Plato was a student of Socrates, teacher of Aristotle, and founder of the Academy in Athens, thought by many to be the first university. Plato's masterpiece is the Republic; using dialogues of Socrates and others, Plato's Republic is a theoretical ideal society in which the leaders are trained from birth to rule, with each citizen working for the good of society.
"Wise men talk because they have something to say; fools, because they have to say something."
In the Republic, Plato's dialogues recognize that a person's environment when growing up will shape his personality.
"And the first step, as you know, is always what matters most, particularly when we are dealing with those who are young and tender. That is the time when they are easily moulded and any impression we choose to make leaves a permanent mark."1
In the 21st century, more than two thousand years after Plato's Republic, it is recognised that faulty or inadequate parenting, for example failure to set boundaries, leaves a permanent mark on the adolescent, which in turn can lead to behavioral problems in adulthood, including narcissism.
His Theory of Forms attempts to underpin knowledge and truth, and sets the scene for The Republic. Because of the vagaries of an ever changing, fluctuating world, Plato believed that all things, including man, related back to one universal form. Although there are many men, all men are made in the image of the universal 'image of man'. This influenced Christian theology many years later in the belief that man is made in the image of God.
Plato recognized that the world of experience is illusory. Many centuries later, Kant appeared to confirm that Plato was right in his view of how individuals experienced the world. Before Kant it was thought that the mind was a passive recorder of events; objects tending to conform to the way the world really is. But Kant turned this view around; maintaining that the mind is active and plays a part in shaping the world of experience. The objects must conform to our minds.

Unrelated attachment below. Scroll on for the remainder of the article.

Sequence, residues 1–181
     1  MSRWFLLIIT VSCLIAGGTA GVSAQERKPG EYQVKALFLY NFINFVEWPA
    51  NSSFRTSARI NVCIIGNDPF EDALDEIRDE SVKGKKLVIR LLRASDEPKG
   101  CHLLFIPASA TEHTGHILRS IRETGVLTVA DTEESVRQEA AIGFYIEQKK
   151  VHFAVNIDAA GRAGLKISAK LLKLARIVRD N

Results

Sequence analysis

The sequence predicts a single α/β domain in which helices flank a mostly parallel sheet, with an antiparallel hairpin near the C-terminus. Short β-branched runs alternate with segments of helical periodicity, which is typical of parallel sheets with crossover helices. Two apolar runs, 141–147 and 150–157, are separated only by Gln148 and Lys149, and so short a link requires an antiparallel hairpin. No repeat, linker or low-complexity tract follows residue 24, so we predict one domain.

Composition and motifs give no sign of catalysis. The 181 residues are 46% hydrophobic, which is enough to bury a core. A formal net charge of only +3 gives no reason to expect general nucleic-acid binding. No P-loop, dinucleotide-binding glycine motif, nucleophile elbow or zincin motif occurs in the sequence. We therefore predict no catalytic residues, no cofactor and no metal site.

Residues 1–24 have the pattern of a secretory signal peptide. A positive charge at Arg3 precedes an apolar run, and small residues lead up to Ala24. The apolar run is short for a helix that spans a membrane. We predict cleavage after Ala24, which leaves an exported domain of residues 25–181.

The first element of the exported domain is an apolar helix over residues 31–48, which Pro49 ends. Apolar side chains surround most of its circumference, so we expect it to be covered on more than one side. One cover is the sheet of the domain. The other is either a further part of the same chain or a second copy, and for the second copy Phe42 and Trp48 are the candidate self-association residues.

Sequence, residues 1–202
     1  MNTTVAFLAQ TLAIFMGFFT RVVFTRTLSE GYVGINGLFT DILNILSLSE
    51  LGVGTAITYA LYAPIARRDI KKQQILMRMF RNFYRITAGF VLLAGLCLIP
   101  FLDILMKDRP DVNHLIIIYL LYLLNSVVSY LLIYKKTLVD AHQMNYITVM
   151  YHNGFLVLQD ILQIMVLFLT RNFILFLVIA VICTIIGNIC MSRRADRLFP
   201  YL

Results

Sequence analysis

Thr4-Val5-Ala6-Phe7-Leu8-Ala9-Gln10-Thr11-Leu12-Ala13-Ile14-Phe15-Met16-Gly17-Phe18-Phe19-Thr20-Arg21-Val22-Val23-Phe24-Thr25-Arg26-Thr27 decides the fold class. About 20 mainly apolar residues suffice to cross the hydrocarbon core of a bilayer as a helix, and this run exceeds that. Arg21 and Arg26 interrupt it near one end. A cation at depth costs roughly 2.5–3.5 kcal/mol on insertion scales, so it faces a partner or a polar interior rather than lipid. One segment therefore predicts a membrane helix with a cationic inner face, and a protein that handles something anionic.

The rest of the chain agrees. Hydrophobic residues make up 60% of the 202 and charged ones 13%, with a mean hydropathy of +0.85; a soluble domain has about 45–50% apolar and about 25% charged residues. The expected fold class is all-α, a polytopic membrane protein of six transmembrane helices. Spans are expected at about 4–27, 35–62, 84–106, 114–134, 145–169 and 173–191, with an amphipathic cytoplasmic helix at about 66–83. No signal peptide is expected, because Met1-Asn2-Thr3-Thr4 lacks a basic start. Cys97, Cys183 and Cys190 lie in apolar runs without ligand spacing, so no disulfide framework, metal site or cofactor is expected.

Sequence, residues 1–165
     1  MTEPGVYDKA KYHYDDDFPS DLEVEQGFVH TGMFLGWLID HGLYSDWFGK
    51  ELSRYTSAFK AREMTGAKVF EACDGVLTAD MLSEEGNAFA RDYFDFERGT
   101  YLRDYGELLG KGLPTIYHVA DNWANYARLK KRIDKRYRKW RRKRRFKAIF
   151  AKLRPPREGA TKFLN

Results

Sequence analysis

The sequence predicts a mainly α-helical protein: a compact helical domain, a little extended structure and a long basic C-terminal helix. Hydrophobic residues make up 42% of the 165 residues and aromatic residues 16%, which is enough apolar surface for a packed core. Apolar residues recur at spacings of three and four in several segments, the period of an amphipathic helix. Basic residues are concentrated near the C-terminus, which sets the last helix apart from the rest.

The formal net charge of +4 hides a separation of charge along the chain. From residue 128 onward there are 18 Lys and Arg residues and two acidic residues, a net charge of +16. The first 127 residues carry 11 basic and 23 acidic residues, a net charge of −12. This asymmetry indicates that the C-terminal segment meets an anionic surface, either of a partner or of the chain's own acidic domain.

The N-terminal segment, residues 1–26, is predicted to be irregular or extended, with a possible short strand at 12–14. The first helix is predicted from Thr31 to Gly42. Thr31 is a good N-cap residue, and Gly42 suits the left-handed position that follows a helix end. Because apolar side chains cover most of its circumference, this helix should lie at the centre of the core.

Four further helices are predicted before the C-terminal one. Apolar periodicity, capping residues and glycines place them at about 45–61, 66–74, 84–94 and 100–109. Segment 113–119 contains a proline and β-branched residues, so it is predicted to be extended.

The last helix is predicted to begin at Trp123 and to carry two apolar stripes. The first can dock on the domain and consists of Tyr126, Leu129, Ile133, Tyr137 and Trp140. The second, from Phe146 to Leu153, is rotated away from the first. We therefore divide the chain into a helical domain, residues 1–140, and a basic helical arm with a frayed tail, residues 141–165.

Plato described a world in which people are imprisoned in a cave, chained so that they cannot move, facing a wall. Behind them is a fire. It is not possible for them to turn their heads so they can only see the shadows which are cast on the wall by the fire. There are people carrying things, including figures of men and animals, moving around. Knowing of nothing else, the people take this to be reality. Of course, it is not; but as they have no conception of any other way of living, it is their reality.
Eventually, one of the prisoners is released and forced to turn around towards the fire. At first it is disorientating and scary, but soon he is able to identify the shapes and forms of which we had previously only seen the shadows. Soon he knows what is real and what is only a shadow, and realizes that his former life was just a meaningless illusion. He can now free his mind and achieve true intellect.
The prisoner goes back into the cave to enlighten his former colleagues, but they pour scorn on him and tell him that his sight has been ruined. It's analogous to the conclusion of Socrates' life; for years he tried to enlighten the people of Athens, but they ended up putting him to death.
It's also analogous to the way many people seem to live today. Contemporary existance for many consists of time spent being passively entertained by television and seeking other fantasies and illusions for constant diversions to avoid having to face the reality that is their lives, which is, in effect, living in Plato's cave. If you try to help them by pointing them towards a more rewarding existance, they look upon you as the people of Athens looked upon Socrates. Then they continue with their life in the cave.
As Socrates asserts in Plato’s Cave, "The unexamined life is not worth living." Plato would have us leave the lazy but secure existence in the cave and walk in the sun; the potential rewards being so much greater than the risks.
For more information about the great philosophers and their views on narcissism and happiness, read Finding Happiness.
1 Lee, Desmond (2003 - second edition), Plato The Republic (Translation by Lee), Penguin Books, London, p. 69.